By Ekta R. Garg
December 24, 2014
I didn’t realize so much time had lapsed since the last book I read and reviewed for this reading list. I hope that in the next year I can remedy this and follow a more frequent and consistent schedule. I’m finding that no matter how old the books are, within reason, the writing advice still stands. It’s still sound. The only lack comes in the form of the examples the experts use. I’d really like to know how they feel about something like Twilight or Gone Girl or Harry Potter and also where these and other contemporary books fit into writing instruction.
Regardless, today I’ll share with you my thoughts on Sol Stein’s book On Writing. Despite the copyright stating its publication in the mid-1990s, Stein’s book hits home in many areas. He makes the point that writers have a deep responsibility with their craft.
(Disclaimer: any mistakes in quotes are my own.)
“A writer is in the business of writing what other people think but don’t say,” Stein says early in the book. “The pleasures of writer and reader are interwoven. The reader in the hands of a writer who has mastered his craft enjoys a richer experience.”
In his chapter on the basics of plotting, Stein says writers should create a driving force to push the characters. By creating this driving force, writers can engage readers and also give their characters more interesting goals.
“The most interesting stories involve characters who want something badly. The more urgent the want, the greater the reader’s interest.”
Of course in a good story the protagonist and the antagonist both have intense desires. In a great story, those desires run completely contrary to one another.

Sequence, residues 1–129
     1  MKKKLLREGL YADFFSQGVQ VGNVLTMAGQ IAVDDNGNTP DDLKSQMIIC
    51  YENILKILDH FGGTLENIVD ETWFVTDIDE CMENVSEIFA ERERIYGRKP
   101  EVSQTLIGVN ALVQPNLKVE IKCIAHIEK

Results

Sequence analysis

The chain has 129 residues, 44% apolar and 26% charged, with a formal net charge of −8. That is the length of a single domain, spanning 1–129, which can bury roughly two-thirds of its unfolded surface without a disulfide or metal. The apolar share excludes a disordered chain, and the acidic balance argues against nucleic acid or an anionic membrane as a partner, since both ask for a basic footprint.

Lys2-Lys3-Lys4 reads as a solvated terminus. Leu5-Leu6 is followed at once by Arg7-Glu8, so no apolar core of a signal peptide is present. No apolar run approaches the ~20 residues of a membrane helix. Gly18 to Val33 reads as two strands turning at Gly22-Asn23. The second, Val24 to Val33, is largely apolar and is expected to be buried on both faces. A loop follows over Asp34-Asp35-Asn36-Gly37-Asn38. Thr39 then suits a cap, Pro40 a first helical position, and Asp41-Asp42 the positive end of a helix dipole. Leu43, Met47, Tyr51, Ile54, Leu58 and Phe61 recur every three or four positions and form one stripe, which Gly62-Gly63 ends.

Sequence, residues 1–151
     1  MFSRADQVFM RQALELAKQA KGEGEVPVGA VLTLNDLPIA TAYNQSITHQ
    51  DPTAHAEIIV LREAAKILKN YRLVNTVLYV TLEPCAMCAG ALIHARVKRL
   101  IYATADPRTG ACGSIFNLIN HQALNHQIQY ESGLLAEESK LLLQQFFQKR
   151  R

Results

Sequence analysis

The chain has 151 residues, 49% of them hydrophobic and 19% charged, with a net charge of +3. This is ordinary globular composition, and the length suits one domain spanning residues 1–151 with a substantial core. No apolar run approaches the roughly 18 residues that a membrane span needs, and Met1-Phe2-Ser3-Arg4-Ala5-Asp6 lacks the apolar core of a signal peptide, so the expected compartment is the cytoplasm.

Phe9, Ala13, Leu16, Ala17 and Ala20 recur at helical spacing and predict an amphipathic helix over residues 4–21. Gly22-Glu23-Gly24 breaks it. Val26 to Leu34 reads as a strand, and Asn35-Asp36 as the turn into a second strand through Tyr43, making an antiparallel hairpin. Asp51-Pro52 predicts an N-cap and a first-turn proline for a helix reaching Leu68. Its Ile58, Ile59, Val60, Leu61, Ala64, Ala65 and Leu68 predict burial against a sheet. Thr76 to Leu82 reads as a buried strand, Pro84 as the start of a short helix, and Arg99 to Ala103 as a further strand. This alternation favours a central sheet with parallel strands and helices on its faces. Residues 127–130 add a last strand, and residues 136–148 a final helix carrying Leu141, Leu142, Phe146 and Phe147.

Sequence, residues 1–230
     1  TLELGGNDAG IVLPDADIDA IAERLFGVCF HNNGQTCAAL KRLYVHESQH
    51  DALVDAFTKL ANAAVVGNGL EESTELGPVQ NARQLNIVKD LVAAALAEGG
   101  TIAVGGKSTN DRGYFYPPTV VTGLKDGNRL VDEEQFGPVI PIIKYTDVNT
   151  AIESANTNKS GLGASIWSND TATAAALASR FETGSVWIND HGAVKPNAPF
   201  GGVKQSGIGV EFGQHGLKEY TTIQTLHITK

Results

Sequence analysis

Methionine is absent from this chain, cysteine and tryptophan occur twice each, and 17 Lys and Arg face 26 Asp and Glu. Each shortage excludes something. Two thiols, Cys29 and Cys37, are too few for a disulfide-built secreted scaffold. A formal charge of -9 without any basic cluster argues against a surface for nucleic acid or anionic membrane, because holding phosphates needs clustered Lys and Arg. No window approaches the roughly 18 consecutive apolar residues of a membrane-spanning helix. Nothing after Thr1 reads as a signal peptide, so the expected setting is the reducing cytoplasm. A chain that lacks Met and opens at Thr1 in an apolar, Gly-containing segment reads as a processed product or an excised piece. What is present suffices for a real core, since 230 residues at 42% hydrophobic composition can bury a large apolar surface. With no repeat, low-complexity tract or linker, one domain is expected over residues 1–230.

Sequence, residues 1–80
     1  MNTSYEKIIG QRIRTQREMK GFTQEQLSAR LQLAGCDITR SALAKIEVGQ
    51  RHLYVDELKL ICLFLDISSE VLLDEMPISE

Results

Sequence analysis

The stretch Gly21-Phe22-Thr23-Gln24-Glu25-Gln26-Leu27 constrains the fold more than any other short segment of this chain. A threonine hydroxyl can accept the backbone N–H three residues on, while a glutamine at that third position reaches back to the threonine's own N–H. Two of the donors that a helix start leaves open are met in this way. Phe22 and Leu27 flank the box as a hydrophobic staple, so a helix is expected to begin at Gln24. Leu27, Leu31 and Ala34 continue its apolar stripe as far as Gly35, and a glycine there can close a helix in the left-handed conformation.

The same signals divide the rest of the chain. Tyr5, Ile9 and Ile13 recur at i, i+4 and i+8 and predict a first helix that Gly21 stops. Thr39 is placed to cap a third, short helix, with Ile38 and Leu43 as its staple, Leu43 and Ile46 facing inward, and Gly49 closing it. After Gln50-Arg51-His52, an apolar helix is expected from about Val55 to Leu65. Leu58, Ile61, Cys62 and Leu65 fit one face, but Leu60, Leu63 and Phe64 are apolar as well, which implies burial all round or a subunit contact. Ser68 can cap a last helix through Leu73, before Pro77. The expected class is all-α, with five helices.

“The secret of creating conflict in scenes is to give your characters different scripts. Let them go into a scene each with his/her own agenda, preconceived notions, and ideas about the fight at hand. The dialogue and conflict both become way more interesting and more realistic.”
If a person gets stuck while creating these wants and constructing problems for characters, Stein has an innovative solution:
“Stuck? Think of the worst thing that could possibly happen to you right now. Don’t censor. A writer disciplines himself to uncover.”
Some writers detest flashbacks; others use them liberally. If a writer chooses to use a flashback, s/he should be sure of its necessity in the story.
“Does the flashback enhance the reader’s experience of the story as a whole?” Stein asks.
It’s important, too, that readers feel some empathy for the characters during the flashback.
“You have to know the people in the car before you see the car crash.”
Stein also has sound advice for revisions. Revisions, of course, are necessary. Good writing doesn’t happen in a first draft. But writers should weigh each revision carefully.
“If in doubt about a change, don’t make it. Flag it for later consideration.”
Above all, Stein says, writers should maintain crystal clear honesty in a story. Don’t hold back. Be brave.
“Remember, fiction deals with the most stressful moments of the characters’ lives.”
Again, I thoroughly enjoyed Stein’s book. Like many of the other books I’ve read for The Workshop, I took my time reading it only because I would read a few chapters and then let those chapters simmer in my writer’s brain for several days.
Ideally I should have finished this book several weeks ago, and, again, my goal in the new year will be to read more frequently and consistently. For now I can definitely recommend On Writing by Sol Stein for newbie writers and more experienced ones alike.